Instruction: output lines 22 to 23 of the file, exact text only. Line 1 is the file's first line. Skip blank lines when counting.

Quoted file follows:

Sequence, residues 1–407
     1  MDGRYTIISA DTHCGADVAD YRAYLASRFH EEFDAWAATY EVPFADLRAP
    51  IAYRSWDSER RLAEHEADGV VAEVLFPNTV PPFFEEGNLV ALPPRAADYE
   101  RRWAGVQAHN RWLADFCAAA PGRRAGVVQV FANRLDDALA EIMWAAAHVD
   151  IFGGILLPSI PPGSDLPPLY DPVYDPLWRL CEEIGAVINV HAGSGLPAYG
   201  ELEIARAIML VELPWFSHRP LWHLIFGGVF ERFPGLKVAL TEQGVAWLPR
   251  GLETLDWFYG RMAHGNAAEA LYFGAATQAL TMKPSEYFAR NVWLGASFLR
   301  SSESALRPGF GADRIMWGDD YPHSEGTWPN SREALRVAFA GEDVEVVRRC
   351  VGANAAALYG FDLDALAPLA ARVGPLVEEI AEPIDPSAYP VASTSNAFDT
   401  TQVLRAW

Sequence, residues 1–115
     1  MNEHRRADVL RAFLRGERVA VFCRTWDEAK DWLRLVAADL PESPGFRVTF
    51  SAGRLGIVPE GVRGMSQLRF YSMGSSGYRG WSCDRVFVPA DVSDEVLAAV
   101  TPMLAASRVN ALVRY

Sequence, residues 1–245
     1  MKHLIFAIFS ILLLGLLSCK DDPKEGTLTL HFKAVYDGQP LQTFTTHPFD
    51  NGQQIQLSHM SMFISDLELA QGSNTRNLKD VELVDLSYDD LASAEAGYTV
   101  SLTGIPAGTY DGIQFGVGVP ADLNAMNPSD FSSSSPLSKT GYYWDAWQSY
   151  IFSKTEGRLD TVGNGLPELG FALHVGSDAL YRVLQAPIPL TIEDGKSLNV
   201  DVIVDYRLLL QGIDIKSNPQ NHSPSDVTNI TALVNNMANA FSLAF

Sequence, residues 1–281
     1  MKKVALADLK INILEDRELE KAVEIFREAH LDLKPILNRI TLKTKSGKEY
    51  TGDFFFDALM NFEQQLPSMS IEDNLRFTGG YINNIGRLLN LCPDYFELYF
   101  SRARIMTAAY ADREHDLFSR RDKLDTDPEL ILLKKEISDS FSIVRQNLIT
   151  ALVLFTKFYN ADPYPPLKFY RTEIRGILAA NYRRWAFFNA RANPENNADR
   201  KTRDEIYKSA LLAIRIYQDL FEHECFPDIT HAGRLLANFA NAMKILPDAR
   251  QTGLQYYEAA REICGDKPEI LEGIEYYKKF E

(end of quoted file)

     1  MKKVALADLK INILEDRELE KAVEIFREAH LDLKPILNRI TLKTKSGKEY
    51  TGDFFFDALM NFEQQLPSMS IEDNLRFTGG YINNIGRLLN LCPDYFELYF